The more complex or subtle problem we face is balancing the probative value of the gun evidence against its prejudicial effect. Federal Rule of Evidence 403 provides:
Although relevant, evidence may be excluded if its probative value is substantially outweighed by the danger of unfair prejudice, confusion of the issues, or misleading the jury, or by considerations of undue delay, waste of time, or needless presentation of cumulative evidence.
This rule essentially restates the rule of at least thirty jurisdictions. See Dolan, Rule 403: The Prejudice Rule in Evidence, 49 So.Cal.L.Rev. 220, 224 (1976). It is designed principally to promote the twin policies of assuring "correct" factual determinations in individual cases and actual and perceived fairness in the judicial process as a whole. Id. at 226-30.
The phrasing of Rule 403 comports also with the traditional understanding, recognized by this court, that the weighing of probative value and prejudicial effect is a matter generally left within the wide, and wise, discretion of the trial court. United States v. Harvey, 526 F.2d 529, 536 (2d Cir. 1975), cert. denied, 424 U.S. 956, 96 S.Ct. 1432, 47 L.Ed.2d 362 (1976); United States v. Ravich, supra, 421 F.2d at 1204-05. Here, however, we hold that the admission of the evidence constituted serious and reversible error. The testimony regarding the .38 established only a very weak inference at best that appellant was one of the bank robbers; it was likely to have had a significant prejudicial impact on the minds of the jurors; and, in the circumstances of this exceedingly close case, may be treated as sufficiently affecting the verdict that its admission requires reversal.6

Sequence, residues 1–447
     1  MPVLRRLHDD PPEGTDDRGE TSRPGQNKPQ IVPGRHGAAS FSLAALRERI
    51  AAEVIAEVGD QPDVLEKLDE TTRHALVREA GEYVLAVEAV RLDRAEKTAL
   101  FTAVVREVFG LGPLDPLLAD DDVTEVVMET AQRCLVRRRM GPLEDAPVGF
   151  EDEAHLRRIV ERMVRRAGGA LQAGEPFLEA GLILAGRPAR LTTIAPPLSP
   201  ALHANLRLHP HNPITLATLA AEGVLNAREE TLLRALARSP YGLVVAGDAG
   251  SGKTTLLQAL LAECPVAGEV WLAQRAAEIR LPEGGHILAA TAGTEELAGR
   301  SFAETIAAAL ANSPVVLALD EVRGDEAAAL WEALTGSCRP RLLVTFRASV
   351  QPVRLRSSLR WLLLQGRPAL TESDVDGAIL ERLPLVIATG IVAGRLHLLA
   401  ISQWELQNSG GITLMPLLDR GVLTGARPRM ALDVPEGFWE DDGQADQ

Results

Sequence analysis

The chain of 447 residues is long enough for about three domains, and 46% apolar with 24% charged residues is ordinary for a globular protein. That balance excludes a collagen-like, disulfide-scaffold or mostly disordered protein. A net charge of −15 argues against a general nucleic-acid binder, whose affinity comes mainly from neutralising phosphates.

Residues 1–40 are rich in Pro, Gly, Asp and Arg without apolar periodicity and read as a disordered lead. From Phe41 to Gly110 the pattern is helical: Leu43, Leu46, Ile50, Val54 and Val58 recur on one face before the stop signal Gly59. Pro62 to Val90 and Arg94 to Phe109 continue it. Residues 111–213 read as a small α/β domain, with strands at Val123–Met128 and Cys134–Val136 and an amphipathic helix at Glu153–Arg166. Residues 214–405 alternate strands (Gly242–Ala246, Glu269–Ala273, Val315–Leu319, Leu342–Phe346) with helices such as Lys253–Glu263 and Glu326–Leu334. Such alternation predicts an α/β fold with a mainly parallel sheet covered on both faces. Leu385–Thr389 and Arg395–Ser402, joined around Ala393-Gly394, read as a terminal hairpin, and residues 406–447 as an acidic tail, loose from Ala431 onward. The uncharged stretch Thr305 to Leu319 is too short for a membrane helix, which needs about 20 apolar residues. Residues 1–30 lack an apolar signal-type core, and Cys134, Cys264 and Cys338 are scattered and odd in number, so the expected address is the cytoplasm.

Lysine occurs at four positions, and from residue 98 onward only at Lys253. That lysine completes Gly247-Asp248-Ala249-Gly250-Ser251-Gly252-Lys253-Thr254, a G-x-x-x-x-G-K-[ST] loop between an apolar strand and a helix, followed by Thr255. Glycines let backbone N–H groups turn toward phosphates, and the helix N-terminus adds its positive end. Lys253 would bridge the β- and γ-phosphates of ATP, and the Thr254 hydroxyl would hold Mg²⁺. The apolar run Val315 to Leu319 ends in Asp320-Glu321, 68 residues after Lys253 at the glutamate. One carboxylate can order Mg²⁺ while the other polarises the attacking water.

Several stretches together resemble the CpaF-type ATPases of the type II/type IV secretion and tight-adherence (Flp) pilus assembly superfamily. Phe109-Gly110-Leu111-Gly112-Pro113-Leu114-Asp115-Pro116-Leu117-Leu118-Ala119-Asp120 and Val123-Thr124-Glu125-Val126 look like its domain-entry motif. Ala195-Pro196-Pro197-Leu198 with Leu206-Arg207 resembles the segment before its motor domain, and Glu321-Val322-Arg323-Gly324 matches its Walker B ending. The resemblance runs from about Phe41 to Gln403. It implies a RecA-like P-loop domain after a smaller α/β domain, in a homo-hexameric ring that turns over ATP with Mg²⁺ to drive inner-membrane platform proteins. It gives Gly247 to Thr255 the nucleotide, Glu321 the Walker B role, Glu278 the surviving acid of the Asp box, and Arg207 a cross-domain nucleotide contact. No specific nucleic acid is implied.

To make the identification of appellant as one robber from his later possession of a .38, the jury would have had to draw two quite weak inferences, with the second being dependent on the first and with neither having much basis in the evidence presented at trial. While this court has "reject(ed) as untenable the often urged claim that an inference may not be grounded on an inference," United States v. Ravich, supra, 421 F.2d at 1204 n.10, it has at the same time recognized that